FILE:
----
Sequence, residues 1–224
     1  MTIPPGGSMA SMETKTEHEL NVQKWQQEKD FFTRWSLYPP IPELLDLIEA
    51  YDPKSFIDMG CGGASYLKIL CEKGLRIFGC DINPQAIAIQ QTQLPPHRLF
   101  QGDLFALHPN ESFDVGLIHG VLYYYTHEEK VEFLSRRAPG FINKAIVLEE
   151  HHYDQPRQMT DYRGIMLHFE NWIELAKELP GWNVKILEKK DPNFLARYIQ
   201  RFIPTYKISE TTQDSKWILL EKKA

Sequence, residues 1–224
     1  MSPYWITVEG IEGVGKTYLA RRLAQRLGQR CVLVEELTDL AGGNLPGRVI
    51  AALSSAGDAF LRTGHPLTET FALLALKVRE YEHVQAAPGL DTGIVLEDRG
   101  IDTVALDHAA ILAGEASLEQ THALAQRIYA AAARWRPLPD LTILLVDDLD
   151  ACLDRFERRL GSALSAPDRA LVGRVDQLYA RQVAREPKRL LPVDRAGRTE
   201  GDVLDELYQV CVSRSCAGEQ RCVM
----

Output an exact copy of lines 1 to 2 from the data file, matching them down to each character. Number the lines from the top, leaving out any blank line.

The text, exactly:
Sequence, residues 1–224
     1  MTIPPGGSMA SMETKTEHEL NVQKWQQEKD FFTRWSLYPP IPELLDLIEA